One member of the Surry County Sports Hall of Fame Class of 2017 doesn’t quite look the part.
He’s short, stocky and doesn’t move very fast. But he’s been around for some special moments. He watched his niece become the leading basketball scorer in her school’s history. He watched from the dugout as his nephew’s baseball team competed for the 2014 1A state championship.
And in his own field, he’s the G.O.A.T. (greatest of all time).
The Hall of Fame makes history this year by inducting its first athlete from the Special Olympics. And in the Foothills region, that can only mean one person.
Neal Joyner has had a distinguished career, bringing home medals from both local and state games for decades.
Neal’s parents, Dorothy and Eugene Joyner, have a shadowbox display on a wall in their Copeland home.
Inside are more than 80 medals collected in 40 trips to the State Games in Raleigh.
“And he’s earned a few more since then,” said Dorothy, as the total now stands at an even 90 medals.
Neal, now 47, said he was just 8 years old when the Special Olympics launched in Surry County in 1978.
In that first Olympic games, Neal, who has Down’s Syndrome, said he competed in the Frisbee throw, softball throw and arm wrestling.
He would move to other events as he grew older such as the 25m walk, 50m walk, standing long jump and then team basketball in the 1980s with Roger Stampler as his coach.
Neal liked basketball, said Eugene, and he could shoot three-pointers, but as he’s gotten older, his eyesight has suffered and made it hard to catch the ball.
Eugene explained that Neal doesn’t like it when strangers invade his personal space; it makes him feel claustrophobic and anxious. Sometimes during the games, the defender would get too close to Neal, and it would make him panicky.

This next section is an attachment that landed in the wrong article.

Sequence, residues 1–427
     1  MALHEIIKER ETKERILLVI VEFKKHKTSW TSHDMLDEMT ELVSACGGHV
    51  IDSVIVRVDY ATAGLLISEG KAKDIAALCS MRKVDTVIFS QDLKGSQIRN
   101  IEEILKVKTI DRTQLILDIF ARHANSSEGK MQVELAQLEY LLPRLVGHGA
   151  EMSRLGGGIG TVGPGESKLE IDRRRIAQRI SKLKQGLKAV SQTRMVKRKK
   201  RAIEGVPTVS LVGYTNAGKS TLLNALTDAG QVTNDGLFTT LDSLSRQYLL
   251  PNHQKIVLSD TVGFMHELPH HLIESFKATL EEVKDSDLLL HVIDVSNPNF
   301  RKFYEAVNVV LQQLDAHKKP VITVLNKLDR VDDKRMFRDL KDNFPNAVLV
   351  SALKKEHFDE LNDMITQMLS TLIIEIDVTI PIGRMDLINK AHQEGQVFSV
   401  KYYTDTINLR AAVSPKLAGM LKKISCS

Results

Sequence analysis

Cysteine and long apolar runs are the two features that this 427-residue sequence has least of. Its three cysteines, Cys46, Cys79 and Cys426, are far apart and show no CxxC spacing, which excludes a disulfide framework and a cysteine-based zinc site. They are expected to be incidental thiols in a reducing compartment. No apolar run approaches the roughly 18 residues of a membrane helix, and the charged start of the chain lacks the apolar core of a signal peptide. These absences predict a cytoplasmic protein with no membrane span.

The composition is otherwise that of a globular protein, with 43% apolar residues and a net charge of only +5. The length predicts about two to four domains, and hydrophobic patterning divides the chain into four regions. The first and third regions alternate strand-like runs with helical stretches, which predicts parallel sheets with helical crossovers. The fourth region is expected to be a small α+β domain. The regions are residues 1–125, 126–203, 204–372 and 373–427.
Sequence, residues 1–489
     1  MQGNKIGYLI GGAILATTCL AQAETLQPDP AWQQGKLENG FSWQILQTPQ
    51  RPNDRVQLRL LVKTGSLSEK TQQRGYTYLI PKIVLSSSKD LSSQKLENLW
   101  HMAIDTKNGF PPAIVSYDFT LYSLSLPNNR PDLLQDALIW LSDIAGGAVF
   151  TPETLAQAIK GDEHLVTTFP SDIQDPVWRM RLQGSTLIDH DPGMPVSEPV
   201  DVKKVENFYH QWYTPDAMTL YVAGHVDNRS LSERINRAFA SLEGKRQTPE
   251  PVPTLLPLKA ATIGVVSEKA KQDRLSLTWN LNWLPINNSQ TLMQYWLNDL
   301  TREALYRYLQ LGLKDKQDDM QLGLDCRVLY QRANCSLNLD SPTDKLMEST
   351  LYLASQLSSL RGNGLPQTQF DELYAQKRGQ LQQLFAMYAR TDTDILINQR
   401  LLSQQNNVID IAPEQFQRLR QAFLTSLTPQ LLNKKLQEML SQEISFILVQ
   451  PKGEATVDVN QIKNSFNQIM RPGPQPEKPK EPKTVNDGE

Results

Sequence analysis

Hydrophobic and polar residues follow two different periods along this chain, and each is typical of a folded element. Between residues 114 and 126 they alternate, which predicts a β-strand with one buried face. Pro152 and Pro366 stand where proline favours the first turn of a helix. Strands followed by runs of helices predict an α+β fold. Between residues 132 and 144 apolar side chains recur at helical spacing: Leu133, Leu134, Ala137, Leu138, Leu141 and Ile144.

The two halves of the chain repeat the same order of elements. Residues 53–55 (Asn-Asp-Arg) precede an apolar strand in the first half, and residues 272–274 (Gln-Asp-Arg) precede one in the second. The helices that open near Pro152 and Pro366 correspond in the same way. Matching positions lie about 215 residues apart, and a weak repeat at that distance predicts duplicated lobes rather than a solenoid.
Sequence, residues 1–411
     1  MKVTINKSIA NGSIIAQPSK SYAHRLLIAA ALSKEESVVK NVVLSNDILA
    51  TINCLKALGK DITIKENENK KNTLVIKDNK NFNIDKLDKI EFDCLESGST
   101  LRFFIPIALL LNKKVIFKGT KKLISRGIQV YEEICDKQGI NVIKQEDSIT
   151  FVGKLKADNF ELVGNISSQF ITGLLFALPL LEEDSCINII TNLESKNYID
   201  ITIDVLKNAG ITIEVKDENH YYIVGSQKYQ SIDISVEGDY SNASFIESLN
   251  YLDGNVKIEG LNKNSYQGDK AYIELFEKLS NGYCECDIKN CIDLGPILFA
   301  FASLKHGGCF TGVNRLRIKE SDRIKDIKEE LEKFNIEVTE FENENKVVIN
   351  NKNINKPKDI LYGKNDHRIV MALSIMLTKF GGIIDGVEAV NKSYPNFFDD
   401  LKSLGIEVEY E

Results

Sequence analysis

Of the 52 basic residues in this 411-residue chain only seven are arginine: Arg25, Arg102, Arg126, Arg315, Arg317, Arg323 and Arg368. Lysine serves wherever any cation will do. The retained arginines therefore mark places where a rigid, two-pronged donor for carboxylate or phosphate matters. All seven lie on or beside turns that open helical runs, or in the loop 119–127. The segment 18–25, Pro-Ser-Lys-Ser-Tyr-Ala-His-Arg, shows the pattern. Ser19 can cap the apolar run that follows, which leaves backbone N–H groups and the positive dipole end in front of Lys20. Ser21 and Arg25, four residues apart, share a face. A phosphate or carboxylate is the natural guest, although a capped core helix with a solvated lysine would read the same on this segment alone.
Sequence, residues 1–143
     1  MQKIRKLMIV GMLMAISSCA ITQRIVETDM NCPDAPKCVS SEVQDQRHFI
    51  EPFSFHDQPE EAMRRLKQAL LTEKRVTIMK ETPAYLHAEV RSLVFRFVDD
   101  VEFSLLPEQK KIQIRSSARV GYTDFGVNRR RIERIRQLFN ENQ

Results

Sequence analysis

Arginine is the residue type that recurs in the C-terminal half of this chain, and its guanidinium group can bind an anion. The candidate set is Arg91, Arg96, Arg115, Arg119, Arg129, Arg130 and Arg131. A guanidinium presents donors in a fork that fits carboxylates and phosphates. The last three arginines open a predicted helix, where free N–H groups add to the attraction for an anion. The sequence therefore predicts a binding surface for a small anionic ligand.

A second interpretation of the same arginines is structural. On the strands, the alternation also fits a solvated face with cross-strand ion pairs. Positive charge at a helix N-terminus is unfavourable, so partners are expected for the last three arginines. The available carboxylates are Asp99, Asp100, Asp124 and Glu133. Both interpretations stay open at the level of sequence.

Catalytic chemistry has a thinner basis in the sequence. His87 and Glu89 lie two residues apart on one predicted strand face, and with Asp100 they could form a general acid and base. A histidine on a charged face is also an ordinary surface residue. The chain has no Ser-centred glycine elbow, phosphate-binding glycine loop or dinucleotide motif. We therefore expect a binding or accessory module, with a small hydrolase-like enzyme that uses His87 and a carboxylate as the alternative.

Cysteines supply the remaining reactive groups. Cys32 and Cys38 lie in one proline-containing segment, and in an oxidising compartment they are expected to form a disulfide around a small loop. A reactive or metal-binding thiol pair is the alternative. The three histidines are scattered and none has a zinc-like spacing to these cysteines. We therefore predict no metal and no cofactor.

Eugene said he gave Neal a tip: “If the defender is all over you, rather than get upset, why not just pass the ball to a teammate?”
At the State Games one year in Raleigh, this young man was all over top of Neal out at the three-point line, practically giving him a bear hug, Eugene said. Neal just turned his back to the guy and flung the ball backward over his shoulder. The ball went swish right through the net for a three-pointer.
Later Neal expanded into swimming and found some of his greatest success, bringing home many medals.
That first year, the indoor pool at N.C. State was like a boiler room, said Dorothy. There were pipes running across the ceiling.
“Hottest place I’ve ever been,” echoed Eugene.
Neal has also competed in bowling, tennis skills and in 2013 added bocce for the first time.
Neal was pretty good at bowling, said Eugene, admitting that he lost several games to his son over the years.
Back in the early years, Neal attended the local games with students from his school. Then after he finished school, Dorothy and Eugene kept the tradition going by taking him themselves.
Neal gave a big thank you to his parents for traveling places with him.
“If it weren’t for them, I wouldn’t still be in it today.”
Asked what he first liked about going to the State Games, “I was happy to be away from home, give Mama and Daddy a break,” he said. It was a chance to meet new people, good coaches.
To go to Raleigh, Neal would ride with some fellow athletes on a bus, Dorothy noted.
Neal said they would watch movies, listen to music and always have a good time on the bus.
Every year there is a opening ceremony on Friday night, said Dorothy. It’s a big affair and looks amazing.
“You know how at the Olympics the athletes march out by country?” she asked. At the Special Olympics, the Surry County contingent walks out together, too.